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Fixing an Element's Position (CSS)

by kirupa   |   3 March 2012

When you are scrolling some content around, there is this expectation that everything moves in tandem with your scrolling:

scrolling things

There may be times when you don't want all of your content to scroll. For example, you may have some UI like a menu or some buttons that you would prefer keeping fixed in one location even if the rest of your content scrolls and moves around.

For example, you may have a picture of Chuck Norris that you would prefer to keep visible even if people scroll through your document:


[ Chuck Norris can defy HTML layout ]

If you scroll down (see live example), notice that the picture stays the same even though the text and everything else scrolls:

scrolled chuck

[ even the layout engine is powerless in Chuck Norris's presence ]

As you will see in this tutorial, keeping an element's position fixed is pretty easy to do using just a few drops of CSS.

Let's get started!

The Position Property

Before we get to the code, let me first give an introduction to the position property found in CSS. This property specifies how your element positions itself on the page, and it will play a crucial role in helping keep an element's position stationary. For the purposes of this tutorial, let's focus on two values this property can have - static and fixed.


By default, all of the elements in your document will have their position CSS property set to static. This means that all of your content appears as part of your document's normal flow and layout.

I like to think of elements positioned statically as being pieces in a finished puzzle:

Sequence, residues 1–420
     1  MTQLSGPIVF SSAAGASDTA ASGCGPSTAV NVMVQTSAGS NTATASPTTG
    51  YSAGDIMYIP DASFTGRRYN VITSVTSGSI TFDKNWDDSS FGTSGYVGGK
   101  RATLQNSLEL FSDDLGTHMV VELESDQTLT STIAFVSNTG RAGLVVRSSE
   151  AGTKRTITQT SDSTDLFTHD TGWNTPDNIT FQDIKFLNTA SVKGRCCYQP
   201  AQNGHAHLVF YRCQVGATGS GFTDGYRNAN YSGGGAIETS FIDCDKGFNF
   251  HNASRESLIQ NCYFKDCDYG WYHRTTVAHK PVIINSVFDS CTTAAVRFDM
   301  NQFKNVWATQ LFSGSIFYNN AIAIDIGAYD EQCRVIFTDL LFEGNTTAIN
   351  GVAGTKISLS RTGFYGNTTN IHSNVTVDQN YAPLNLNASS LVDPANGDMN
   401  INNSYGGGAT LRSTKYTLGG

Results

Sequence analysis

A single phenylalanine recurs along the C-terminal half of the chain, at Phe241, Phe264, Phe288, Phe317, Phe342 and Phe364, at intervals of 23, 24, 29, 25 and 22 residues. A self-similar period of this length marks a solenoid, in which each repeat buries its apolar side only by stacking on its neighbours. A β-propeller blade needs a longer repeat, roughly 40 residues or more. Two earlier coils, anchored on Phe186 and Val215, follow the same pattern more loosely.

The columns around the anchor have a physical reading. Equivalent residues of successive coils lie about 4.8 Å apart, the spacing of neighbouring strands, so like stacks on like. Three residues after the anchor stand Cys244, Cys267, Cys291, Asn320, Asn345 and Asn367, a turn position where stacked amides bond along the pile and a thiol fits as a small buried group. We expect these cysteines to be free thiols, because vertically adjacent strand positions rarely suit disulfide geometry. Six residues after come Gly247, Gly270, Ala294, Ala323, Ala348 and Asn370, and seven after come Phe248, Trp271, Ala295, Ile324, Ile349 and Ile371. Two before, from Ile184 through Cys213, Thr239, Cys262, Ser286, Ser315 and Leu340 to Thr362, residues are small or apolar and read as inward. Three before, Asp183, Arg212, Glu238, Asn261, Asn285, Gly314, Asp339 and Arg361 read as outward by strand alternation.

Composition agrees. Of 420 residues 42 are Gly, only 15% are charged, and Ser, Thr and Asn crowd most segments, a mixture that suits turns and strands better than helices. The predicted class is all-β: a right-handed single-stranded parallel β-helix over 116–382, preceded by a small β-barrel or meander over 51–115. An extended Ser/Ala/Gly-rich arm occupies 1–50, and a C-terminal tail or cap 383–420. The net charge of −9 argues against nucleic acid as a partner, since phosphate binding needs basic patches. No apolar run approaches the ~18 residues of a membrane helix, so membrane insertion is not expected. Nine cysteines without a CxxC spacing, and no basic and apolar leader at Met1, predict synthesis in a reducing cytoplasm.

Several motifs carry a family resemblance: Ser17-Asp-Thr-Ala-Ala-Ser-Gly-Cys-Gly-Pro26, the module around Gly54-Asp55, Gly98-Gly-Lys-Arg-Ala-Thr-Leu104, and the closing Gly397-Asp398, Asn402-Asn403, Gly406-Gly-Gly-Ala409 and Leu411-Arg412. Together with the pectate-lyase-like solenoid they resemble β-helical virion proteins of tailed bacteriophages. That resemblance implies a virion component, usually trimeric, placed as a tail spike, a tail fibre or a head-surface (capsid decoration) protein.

As long as the position is kept at static, these elements are home. They are in the right place where they belong and won't budge.


There is another value you can set for the position property, and that is fixed. What the fixed property does is pretty interesting. Elements whose position is fixed no longer participate in the document's normal flow and layout.

Instead, these elements ignore the document flow and are positioned relative to the viewport (the viewable area inside your browser). This is the behavior we want, for this is what ensures our elements don't move on the screen even if the rest of the content does!

Looking at the CSS

As you sawAs you may have inferred from the explanation provided earlier, all you really need to do is set the position CSS property to fixed to ensure content doesn't scroll or move around with the rest of the page:

#mainContent img {
position: fixed;

Once you have done this, any element that this rule applies to will have its position set to a fixed location on the screen.

To adjust where the element is positioned inside your viewport, set the left, right, top, and bottom properties. In my example, I have the left property set to 45px:

#mainContent img {
left: 45px;
position: fixed;

If you are hoping to have your fixed positioned element go over the rest of the content in your document, you will find yourself needing to set the z-index property to ensure nothing goes above it:

#mainContent img {
left: 45px;
position: fixed;
z-index: 10000;

The higher your z-index value, the lower the chance of any random element finding its way above the space taken up by your fixed positioned element. In general, you don't want content to go over your fixed positioned element.


Fixing an element's position on screen seems far more difficult than what it actually is. All you have to do is just set one CSS property, and you are pretty much golden....like a retriever!

Just a final word before we wrap up. If you have a question and/or want to be part of a friendly, collaborative community of over 220k other developers like yourself, post on the forums for a quick response!

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